My faithful flip-flops had flown all the way across the world with me from England. They had pounded the pavements of Tokyo and Hong Kong, they had luxuriated in the sands of the southern Thai Islands, and cowered at the efforts of the northern Thai Highlands. They had floated down river through Laos, and now found themselves finally in Cambodia. It was rainy season, and the river running through Siem Reap had burst its banks by the time my intrepid flip-flops and I finally arrived.
My flip-flops were already tired and worn out after their adventures to date. They took one look at the flood waters coursing along the streets of the town, and said to themselves “You know what? I’m done”. And, with one final faltering footstep, flipped their last flop.
A replacement would have to be found, and quickly. We had limited time here and we wanted to spend as much of it as possible exploring the beautiful, ancient temples of Angkor Wat. This was going to have to be my first mission.
We had been advised by a number of people that we would encounter a great deal of begging when we visited Siem Reap, and that we would have our hearts broken by the desperately young children seeking help from us. This was indeed the case. We had also been warned that whatever our hearts told us (or our well-meant intent), it would help these children not one iota to hand over to them all the money in our possession. These children did not get to keep any of this money that they managed to secure. We were informed there would always be a shadowy figure lurking somewhere nearby to take their earnings from them at the soonest opportunity and then send them out again to beg for more. Instead, we were told the best way to support the local children was to put the money in the hands of the local mothers, and the best way to do this was to spend our money in the market. And so this is where we headed.
The market itself was somewhat claustrophobic and also very confusing. With little apparent rhyme or reason for the grouping of stalls (but every facet of humanity catered for somewhere, if you could negotiate your way to it).
I was on a shoe mission. For now this was all that was required. We would be back later for gifts, but for now my footwear (or lack thereof), was the most pressing issue. There were in fact a great many shoe stalls, but in a completely random pattern across the huge indoor space, and often catering for a more formal occasion than I was seeking to fulfill.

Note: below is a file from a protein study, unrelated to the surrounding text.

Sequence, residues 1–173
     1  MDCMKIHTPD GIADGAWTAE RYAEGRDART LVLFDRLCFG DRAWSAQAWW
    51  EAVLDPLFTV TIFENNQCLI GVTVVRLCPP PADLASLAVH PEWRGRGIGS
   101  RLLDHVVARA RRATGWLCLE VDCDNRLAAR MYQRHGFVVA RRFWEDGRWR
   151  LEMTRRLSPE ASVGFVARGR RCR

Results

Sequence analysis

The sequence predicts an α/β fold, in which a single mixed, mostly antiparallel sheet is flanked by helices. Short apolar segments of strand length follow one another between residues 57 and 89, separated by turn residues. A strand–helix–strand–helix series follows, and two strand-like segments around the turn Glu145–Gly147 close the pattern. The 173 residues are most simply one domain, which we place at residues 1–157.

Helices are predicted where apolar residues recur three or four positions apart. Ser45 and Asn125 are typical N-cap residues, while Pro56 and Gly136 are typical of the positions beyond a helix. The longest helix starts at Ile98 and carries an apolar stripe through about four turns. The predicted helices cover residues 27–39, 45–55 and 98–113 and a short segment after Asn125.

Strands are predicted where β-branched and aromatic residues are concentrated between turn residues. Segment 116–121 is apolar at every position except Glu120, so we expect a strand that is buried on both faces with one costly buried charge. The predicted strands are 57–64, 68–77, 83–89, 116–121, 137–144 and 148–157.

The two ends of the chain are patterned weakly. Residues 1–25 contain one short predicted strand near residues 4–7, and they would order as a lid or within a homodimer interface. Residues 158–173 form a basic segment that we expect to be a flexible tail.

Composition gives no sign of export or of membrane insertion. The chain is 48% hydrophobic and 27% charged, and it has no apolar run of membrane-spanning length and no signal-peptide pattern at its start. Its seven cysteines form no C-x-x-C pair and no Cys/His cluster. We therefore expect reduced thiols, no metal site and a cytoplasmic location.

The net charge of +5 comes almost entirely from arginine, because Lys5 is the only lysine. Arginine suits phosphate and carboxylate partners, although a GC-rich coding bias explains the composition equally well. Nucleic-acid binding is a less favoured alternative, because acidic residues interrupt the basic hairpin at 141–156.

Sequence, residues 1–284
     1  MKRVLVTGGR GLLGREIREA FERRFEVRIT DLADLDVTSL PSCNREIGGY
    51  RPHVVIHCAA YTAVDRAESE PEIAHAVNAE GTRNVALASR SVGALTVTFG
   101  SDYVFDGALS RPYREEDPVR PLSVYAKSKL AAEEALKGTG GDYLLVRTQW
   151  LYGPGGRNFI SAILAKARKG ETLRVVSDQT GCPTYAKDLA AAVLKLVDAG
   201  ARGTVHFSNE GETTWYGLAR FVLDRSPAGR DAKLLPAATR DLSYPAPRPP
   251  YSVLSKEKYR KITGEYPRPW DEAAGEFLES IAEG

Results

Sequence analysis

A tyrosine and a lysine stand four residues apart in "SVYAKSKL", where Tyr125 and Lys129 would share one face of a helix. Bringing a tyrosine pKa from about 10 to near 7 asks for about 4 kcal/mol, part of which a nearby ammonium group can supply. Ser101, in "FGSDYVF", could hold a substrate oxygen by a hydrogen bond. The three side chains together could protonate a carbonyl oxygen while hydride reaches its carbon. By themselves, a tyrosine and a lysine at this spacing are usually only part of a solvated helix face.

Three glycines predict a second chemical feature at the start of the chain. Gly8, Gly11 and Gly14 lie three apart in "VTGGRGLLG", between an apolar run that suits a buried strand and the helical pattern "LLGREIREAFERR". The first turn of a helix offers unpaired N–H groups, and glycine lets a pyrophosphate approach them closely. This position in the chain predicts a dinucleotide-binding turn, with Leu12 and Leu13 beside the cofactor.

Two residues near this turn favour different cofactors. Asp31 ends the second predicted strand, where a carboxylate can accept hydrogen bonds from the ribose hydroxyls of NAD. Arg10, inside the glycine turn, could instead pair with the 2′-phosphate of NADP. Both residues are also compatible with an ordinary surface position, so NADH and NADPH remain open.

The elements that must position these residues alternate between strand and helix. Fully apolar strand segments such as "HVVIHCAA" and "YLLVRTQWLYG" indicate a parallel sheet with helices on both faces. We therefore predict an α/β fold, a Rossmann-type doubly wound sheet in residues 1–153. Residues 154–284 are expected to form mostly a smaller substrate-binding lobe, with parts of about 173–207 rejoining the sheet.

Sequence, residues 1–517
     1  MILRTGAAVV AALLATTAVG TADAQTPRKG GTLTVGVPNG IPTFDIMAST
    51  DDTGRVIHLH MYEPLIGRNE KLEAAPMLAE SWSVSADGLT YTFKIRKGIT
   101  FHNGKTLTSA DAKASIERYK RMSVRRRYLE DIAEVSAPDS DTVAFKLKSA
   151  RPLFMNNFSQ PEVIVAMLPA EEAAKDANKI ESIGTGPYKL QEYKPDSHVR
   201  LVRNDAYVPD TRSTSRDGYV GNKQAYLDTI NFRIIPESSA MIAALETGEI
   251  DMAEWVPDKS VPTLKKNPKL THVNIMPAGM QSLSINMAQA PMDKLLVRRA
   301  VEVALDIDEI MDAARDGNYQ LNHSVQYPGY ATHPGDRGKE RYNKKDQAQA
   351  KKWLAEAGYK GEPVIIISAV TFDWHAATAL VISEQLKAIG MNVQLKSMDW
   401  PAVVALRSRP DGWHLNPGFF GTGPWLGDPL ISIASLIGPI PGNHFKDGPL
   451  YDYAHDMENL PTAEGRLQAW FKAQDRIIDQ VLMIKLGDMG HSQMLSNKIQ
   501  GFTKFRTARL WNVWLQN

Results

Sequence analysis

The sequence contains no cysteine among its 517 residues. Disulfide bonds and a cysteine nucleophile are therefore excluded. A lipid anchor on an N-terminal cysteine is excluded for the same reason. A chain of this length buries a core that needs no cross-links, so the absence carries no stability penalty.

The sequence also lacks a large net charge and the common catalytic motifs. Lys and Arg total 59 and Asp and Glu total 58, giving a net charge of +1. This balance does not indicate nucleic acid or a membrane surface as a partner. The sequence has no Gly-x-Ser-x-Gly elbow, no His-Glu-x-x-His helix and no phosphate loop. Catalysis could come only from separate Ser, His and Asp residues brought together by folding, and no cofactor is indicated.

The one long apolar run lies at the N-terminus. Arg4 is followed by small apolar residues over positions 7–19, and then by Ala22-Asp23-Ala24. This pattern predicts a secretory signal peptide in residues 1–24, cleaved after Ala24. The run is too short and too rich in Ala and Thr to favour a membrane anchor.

The ladies of the stalls, noting our interest in all things ‘Shoe’ would rush toward us, assuring us (in their cheery and very insistent way), that they had exactly what we required. After an initial whirlwind tour however, it was quickly becoming apparent that they might not.
The reason for my sinking heart was a second problem, which I had not anticipated – I have enormous feet (I knew that fact already of course). But, what I hadn’t really considered was that the ladies of Cambodia, very much, do not. Very, very small feet in fact.
The few stalls we could find that did have more casual sandals tended to have them only in smaller sizes. The ladies of the shoe stalls of Siem Reap began to sense there was an issue beyond the mere fussiness of tourists. They started to swarm. From the many crevices of the market shoe vendors emerged, their insistence growing that they knew exactly what I needed and that they, and only they, had that very thing. Until one of them thought to ask what the problem was exactly.
I picked up a nearby shoe, I placed it next to my own foot. The clamor surrounding us died down. Suddenly. The women looked at one another in disbelief. And then, all at once, they fell about laughing. My feet were hilarious. Have you ever seen such a thing!
I did not feel great about myself at this point.
The ladies of Siem Reap market, once they had finally managed to control themselves (and with still a few titters circulating – which I heard – don’t think that I didn’t), were determined not to be beaten by my ridiculous appendages.
I was ushered by a small group of them (many having now dropped out and admitted defeat), to a small stretch of stalls to the other side of the market. Here the women dispersed to their own corners – very quickly reappearing with a small handful of boxes, the only boxes that contained shoes that could possibly fit a monster such as I.
(at this point, for my own vanity, can I just say, I am a pretty normally proportioned person in general – I just have big feet – even by Western standards).
Sad to say, the selection available was very limited, and also pretty elaborate. Far more colourful, embroidered and bejewelled than I would ever pick for myself. But, as they say, Yetis can’t be choosers.
So I chose the least elaborate pair (and when you look at a picture of them below, just try to imagine the sunglasses required to downplay the ones I rejected!)
I have to say these are the best-made sandals I have ever owned in my life, hand stitched, sturdy, and clearly equipped to laugh at the shallow flood waters they were about to encounter. My work here was done. I had succeeded in my mission (after only a small amount of public humiliation) and I had amused the ladies of the market in Siem Reap in the process.
I believe that of all the sandals I have ever, or will ever own in my life, these are the ones that will always be most likely to raise a smile when I come across them in my wardrobe.
Copyright © 2016 · Words & Images · Forty and Everything After